Remember the Hackers Who Invaded the COMELEC Website?

Hacktivist movement Anonymous Philippines answers some of our questions about their work and online security.

In March 2016, Anonymous Philippines defaced the COMELEC website with this message: "What happens when the electoral process is so mired with questions and controversies? Can the government still guarantee that the sovereignty of the people is upheld?" 

Just in time for the elections two months later, the mysterious hacktivists spoke to Esquire—albeit very cryptically—about the vulnerabilities of our government’s IT systems, the security of our personal information, and the movement they support.

ESQUIRE PHILIPPINES: How did your group begin?

ANONYMOUS PHILIPPINES: The Anonymous collective in the Philippines took up speed back in 2012, during the midst of the controversial enactment of the Cybercrime Bill.

ESQ: How many people are a part of it?

AP: There is no definite number. We cannot be measured by any quantity, because anyone who has the same ideology is already a part of the collective.

ESQ: Do you directly communicate or associate yourselves with the people from the Anonymous Worldwide collective?

AP: For the most part, Anonymous Philippines is still premature. There are some, however, who do not affiliate themselves with the Anonymous collective in the Philippines, but who participate in the worldwide collective.

ESQ: For Anonymous Philippines, your operations have included: successfully hacking around 200 Chinese government and commercial websites in protest of protecting the West Philippine Seas; hacking local government’s websites in protest of the signing of the Cybercrime Prevention Act of 2012; and most recently, hacking the COMELEC website. These are just among many. How do you choose the issues to protest against?

AP: It would depend on the scale of the issue and if the general public is invested [in them].


ESQ: How easy is it to hack?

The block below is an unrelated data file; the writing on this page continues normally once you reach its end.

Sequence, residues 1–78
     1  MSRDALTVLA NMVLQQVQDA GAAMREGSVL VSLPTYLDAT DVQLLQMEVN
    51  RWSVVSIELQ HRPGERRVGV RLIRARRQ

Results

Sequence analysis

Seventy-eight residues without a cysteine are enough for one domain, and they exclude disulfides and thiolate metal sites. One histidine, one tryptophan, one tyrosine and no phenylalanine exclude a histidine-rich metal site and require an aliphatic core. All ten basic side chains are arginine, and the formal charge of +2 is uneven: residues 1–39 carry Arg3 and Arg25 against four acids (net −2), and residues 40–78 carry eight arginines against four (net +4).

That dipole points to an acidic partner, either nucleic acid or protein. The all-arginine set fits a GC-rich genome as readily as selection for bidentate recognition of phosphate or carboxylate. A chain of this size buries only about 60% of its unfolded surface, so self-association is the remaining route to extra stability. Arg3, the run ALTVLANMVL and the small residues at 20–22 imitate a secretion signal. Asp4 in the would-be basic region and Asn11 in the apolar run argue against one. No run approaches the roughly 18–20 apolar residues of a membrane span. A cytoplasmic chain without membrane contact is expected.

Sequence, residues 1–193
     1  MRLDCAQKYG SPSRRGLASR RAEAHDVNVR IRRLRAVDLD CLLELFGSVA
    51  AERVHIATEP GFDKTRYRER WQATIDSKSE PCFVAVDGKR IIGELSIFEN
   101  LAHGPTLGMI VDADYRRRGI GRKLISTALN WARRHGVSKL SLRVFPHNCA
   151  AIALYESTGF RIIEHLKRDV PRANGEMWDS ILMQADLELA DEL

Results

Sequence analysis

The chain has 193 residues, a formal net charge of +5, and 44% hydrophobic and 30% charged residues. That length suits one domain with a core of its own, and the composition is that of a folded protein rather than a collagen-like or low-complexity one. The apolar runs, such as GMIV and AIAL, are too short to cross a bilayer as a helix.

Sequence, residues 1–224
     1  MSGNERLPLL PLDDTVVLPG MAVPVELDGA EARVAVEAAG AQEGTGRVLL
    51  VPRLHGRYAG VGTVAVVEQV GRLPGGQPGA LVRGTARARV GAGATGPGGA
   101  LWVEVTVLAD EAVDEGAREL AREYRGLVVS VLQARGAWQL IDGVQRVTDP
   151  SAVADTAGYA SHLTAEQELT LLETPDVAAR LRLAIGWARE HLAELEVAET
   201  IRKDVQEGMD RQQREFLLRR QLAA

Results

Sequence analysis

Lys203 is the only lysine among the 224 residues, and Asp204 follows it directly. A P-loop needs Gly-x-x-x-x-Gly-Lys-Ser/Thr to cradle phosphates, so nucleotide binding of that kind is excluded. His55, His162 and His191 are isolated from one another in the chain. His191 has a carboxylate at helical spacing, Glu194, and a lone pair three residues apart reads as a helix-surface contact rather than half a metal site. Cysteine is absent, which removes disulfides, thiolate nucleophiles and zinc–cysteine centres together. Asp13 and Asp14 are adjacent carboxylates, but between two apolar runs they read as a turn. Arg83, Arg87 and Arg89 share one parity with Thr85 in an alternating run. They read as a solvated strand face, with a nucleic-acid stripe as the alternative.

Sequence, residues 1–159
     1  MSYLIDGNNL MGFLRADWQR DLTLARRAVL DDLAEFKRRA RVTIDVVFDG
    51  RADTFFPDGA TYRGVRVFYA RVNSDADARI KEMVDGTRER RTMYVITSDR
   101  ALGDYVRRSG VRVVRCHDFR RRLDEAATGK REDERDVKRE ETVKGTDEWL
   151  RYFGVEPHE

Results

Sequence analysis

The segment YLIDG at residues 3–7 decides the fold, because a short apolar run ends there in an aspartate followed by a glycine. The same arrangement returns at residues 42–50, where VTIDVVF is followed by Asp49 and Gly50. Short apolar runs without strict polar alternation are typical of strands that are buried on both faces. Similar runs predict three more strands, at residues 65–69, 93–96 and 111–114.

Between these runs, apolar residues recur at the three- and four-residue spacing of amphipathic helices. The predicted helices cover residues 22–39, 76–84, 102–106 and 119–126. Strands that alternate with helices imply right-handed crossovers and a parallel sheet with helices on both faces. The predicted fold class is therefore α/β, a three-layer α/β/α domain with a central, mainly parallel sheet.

AP: Not as easy as you think. It takes a lot of time and effort to research possible loopholes in the system. Some may take hours, some days, while others may take months of research to discover peculiar behavior.

ESQ: What kind of loopholes do you usually detect?

AP: The usual loopholes are developer mistakes—for example, they could forget to implement “basic” security features. The most common “loophole” is an SQL injection [Ed’s Note: this is something which allows attackers to tamper or destroy existing data, or become administrators of the database server], but we prefer not to disclose any technicalities.

ESQ: What is the biggest misconception about hacking?

AP: The presumption that it can be “easy”. And how the media and the general public misinterpret “hacking” as “cracking.”

ESQ: What is the difference?

AP: Hacking is more an exploration of curiosity. Cracking has more devious gains. Hacking is accessing a computer system without the owner’s permission. Cracking, on the other hand, is where you edit a program’s source code. Or you could create a program, like a key generator, a patch, orsome sort of application that tricks an application into thinking that a particular process has occurred.

ESQ: What happens when a person who can hack then starts to use it for something other than good?